In-shape airmen welcome chance to get off bike
August 11, 2003
AVIANO AIR BASE, Italy — Airmen in Italy welcomed the change to the U.S. Air Force’s annual physical fitness test.
The new standard, to be implemented next year, will require airmen to pass a 1½-mile running test instead of the current cardiovascular test administered on a stationery bike.
“I never thought the bike test accurately determined a person’s fitness level,” said 1st Lt. Kevin Varga of the 603rd Air Control Squadron.
“For those of us who can go out and run three miles without a problem, it’s not going to be biased against us,” said Tara Valentine, a special agent with Air Force Office of Special Investigations.
The change was announced July 30 by Gen. John P. Jumper, chief of staff of the U.S. Air Force. Time requirements have not yet been determined for the 1½-mile run.
Many airmen said the bicycle test was unfair because it measured fitness only after a person had been on the bike long enough to reach a target heart rate. Well-conditioned airmen took longer to reach the elevated heart rate, they said, and therefore were more worn down after reaching it, when the test began.
Out-of-shape airmen quickly reached the target rate, they said, and had more strength left for the test.
“There were guys who would smoke beforehand or work out to get their heart rate up before [the bike test],” Varga said.
The current test, which airmen have to take annually, has been in place for 11 years. It also includes minimum standards for push-ups and sit-ups. Those exercises will be part of the new test, Jumper said in his July 30 letter to Air Force personnel.
Minda Smither, fitness program manager for the Aviano-based 31st Fighter Wing, said the current test sets minimums on push-ups and sit-ups based on age.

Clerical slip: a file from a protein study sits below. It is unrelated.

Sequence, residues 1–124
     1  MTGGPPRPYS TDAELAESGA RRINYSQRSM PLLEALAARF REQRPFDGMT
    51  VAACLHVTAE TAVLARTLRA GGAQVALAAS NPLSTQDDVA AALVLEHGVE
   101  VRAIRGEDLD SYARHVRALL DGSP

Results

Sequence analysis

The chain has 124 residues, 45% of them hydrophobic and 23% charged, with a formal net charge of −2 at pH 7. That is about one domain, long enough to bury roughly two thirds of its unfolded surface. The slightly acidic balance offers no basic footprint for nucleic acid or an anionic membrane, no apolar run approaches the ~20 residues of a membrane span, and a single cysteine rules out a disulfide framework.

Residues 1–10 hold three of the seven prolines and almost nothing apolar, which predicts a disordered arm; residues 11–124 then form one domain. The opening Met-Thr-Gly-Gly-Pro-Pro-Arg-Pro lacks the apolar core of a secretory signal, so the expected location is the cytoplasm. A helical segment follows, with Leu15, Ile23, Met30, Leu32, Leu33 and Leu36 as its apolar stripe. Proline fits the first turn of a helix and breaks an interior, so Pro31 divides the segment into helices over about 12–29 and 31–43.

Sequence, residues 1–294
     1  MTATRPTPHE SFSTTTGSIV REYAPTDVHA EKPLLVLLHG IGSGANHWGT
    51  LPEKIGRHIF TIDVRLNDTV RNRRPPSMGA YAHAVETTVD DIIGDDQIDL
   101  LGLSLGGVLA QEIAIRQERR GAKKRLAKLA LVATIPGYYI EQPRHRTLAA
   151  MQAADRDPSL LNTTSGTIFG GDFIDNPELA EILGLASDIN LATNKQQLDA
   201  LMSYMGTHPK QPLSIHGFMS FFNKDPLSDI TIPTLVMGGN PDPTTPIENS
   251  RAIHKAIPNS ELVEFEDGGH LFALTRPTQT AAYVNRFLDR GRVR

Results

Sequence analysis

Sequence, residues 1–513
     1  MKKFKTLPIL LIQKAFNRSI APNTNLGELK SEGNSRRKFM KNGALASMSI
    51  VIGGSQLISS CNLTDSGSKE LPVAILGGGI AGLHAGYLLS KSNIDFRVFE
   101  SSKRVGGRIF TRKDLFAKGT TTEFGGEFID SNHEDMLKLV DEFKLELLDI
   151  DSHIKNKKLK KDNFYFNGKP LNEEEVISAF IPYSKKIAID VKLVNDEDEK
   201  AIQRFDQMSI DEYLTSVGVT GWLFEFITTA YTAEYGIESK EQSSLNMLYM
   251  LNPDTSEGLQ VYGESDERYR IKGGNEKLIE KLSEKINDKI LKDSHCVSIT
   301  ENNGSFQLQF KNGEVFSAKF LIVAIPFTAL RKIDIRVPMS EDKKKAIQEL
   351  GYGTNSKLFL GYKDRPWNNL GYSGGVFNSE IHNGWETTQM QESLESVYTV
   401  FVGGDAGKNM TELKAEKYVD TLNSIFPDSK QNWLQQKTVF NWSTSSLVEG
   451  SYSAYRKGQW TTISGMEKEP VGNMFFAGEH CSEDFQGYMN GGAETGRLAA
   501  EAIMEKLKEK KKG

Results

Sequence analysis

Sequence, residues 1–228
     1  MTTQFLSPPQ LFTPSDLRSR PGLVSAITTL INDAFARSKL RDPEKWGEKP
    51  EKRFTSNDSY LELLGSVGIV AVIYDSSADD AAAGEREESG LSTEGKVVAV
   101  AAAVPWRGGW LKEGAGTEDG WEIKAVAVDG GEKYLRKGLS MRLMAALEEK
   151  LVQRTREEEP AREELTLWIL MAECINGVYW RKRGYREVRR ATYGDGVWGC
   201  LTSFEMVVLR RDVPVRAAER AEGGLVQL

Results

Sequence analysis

For example, a man aged 25-29 would have to complete 40 push-ups, while a man 40-44 would have to do 30 push-ups. A woman 25-29 would have to complete 50 crunches, while a woman 40-44 would have to do 32.
The new amounts have not yet been determined, Smither said.
Smither said she felt the bike test was “overall … fair and valid.”
She said there was a different, manually administered bike test that well-conditioned airmen could have taken that could have elevated their heart rates more quickly. But she acknowledged that most probably did not know about it.
Some airmen wondered if physical training would become included in their duty time — or would have to do it on their own.
“The Air Force as a whole would be better off with [mandatory PT],” said Staff Sgt. Marcus Odom of the 31st MXS - Ammunition, who agreed with the change from stationary bike to running. “But when I’m off [work] I’m going home to my family.
“If [mandatory PT] is implemented into the work schedule, I’d have no problem with that.”
Airman don’t get kicked out of the Air Force for failing the annual physical fitness test.
Smither, the wing’s fitness manager, said airmen can be put on voluntary or mandatory fitness regimens until they do pass. They can also receive a letter of reprimand for continually failing.
Staff Sgt. Regis Burdier of the 31st Civil Engineering Squadron welcomed the change in the test from stationary bike to running.
“I say go for the run,” Burdier said. “That actually measures what you can do.”